Did you know that Black History Month has roots associated with the YMCA? In 1915, Carter G. Woodson, a University of Chicago alumnus, arrived in Chicago to attend a national celebration of the 50th anniversary of emancipation sponsored by the state of Illinois.
Woodson was inspired by this three-week celebration where thousands of African Americans had traveled across the country to see exhibits highlighting their people's progress since the end of slavery. He met at the Wabash Avenue YMCA in Chicago with a small group and formed the Association for the Study of Negro Life and History (ASNLH). This began the foundation that would create Negro History and Literature Week, renamed Negro Achievement Week, later Negro History Week and eventually Black History Month.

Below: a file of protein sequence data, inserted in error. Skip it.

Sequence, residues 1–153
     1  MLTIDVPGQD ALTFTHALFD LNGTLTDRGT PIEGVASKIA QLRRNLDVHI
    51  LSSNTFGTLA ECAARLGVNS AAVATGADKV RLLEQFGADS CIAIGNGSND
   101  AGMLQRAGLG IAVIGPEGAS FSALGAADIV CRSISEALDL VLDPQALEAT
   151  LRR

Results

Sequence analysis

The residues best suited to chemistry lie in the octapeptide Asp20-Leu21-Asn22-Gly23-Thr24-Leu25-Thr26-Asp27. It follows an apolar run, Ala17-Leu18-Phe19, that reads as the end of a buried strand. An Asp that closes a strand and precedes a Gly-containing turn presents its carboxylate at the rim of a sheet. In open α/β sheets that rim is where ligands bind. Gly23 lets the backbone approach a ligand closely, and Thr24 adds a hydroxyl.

Known as the "Father of Black History," Woodson wanted the study of past black life to have a significant impact stating, "We are going back to that beautiful history, and it is going to inspire us to greater achievements."
It is important to note that the focus of Black History Month has been on black achievements since enslavement in the U.S.; however, Woodson intended to explore modern black history as a starting point for deeper exploration beyond the arrival of enslaved Africans in the Americas.